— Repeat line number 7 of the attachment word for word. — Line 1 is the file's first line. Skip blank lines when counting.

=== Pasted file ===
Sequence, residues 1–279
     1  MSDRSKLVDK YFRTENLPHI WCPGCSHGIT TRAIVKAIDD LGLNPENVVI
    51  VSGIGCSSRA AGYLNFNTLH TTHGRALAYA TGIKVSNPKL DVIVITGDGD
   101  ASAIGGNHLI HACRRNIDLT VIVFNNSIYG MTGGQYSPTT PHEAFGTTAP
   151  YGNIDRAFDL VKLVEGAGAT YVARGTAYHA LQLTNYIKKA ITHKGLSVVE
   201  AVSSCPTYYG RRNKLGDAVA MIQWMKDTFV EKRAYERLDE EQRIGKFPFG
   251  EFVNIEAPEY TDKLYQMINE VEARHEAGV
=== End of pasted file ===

   251  EFVNIEAPEY TDKLYQMINE VEARHEAGV